Last night we successfully ran our test train over almost the entire western end of the railroad, from Midway to Upton. For those unfamiliar with the Sierra Pacific Lines, the railroad is organized alphabetically from Alhambra in the east through Midway in the middle to Zion in the west. So this means we’re operational under DCC from M to U. (We would have run through Vista but for a glitch in the Upton-Vista connector.)

This means we’re well on our way to our goal of having the western half of the railroad running by fall. Since the west end comprises the outer sections of the layout, an operational west end means we can resume our Open House schedule and open our doors to the viewing public this fall!

Mind you, we’re not there yet—we still have to deal with Zion yard, which, judging from our experience with Midway yard, will be no picnic. For Phase I of the project, we’re only converting the mainline to DCC-compatible Tortoise turnout (switch) motors; the yards will retain their “analog” turnouts (which use military-surplus motors from B-17 bombers). This greatly reduces our budget, but greatly complicates the wiring, as the turnout motors also control power to the frogs (the metal bits on the turnout that have to change polarity) as well as the surrounding track.

Nevertheless, it feels great to have a train on the Western main!

By the way, if you’re wondering what exactly is making up that silly-looking consist, it’s a pair of PRR Geeps surrounded by two track cleaning cars. Between time spent not running and scenery construction, the rails have picked up a lot of dirt, and keeping the locos running is a chore unto itself. (The Geeps were substituting for a pair of F-units, seen here during our Midway East pod test, that have dropped from exhaustion.)

Elsewhere in the photo you can see bearded apprentice Peter cleaning rails in Midway, while Frank (blue shirt, hidden behind the pillar) repairs scenery that got knocked around during the Midway yard work. In the background you’ll see Tim and club president Martin following PMRRC protocol by not looking where their train is going.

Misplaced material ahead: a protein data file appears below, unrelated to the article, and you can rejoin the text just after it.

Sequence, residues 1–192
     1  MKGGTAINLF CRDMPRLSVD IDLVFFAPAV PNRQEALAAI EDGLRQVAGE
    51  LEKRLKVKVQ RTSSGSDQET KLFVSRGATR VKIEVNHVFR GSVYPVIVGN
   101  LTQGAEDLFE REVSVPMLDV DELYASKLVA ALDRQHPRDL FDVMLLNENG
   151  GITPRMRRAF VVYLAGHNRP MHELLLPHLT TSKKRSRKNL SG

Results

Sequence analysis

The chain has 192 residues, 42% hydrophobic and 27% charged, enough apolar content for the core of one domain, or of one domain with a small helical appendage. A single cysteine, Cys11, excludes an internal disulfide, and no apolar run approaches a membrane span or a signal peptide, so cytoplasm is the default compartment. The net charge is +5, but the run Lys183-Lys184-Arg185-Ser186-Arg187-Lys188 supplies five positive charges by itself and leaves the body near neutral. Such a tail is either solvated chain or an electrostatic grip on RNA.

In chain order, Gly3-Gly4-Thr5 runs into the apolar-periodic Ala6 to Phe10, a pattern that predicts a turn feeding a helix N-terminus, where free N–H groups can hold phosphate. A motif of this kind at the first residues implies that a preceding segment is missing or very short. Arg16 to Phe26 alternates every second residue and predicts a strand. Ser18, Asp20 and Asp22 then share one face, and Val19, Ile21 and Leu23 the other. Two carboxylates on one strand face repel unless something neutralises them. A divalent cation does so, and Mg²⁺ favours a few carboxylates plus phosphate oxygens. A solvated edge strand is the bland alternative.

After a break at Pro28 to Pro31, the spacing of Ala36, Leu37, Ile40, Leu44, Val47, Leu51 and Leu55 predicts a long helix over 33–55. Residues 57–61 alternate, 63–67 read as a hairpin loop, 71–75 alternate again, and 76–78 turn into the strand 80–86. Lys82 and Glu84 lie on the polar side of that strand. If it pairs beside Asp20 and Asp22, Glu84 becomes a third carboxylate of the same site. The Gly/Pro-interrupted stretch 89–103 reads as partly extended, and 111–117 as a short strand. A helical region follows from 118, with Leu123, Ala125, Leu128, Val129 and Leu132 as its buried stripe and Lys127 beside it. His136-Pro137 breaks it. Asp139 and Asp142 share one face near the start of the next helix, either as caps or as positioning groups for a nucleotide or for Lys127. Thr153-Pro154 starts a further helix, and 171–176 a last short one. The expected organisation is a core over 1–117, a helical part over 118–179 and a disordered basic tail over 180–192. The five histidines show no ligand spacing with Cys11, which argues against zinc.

Meanwhile, car inspection continues apace; below you can see several dozen cars ready to return to the rails. Members, if you have rolling stock that you’ve checked out and tuned up (couplers centering, wheels clean, loose parts secured, etc.), please bring it in for inspection.

Rolling stock inspected and ready to return to the railroad
Rolling stock inspected and ready to return to the railroad

Cars, cars, cars, cars, cars

With nearly all of the pods built, our DCC conversion is progressing rapidly; we expect to have the western end of the railroad up and running by October, and we plan to schedule an open house for the fall. (You heard it here first!)


Of course, we can’t run trains if we don’t have trains to run, and clearing (nearly) all of the rolling stock of the railroad for our DCC conversion has given us the rare opportunity to inspect everything and make sure it meets our strict standards. This week we started working on our club-owned cars — cleaning the wheels and inspecting them for proper gauge, weight and rolling resistance and working couplers.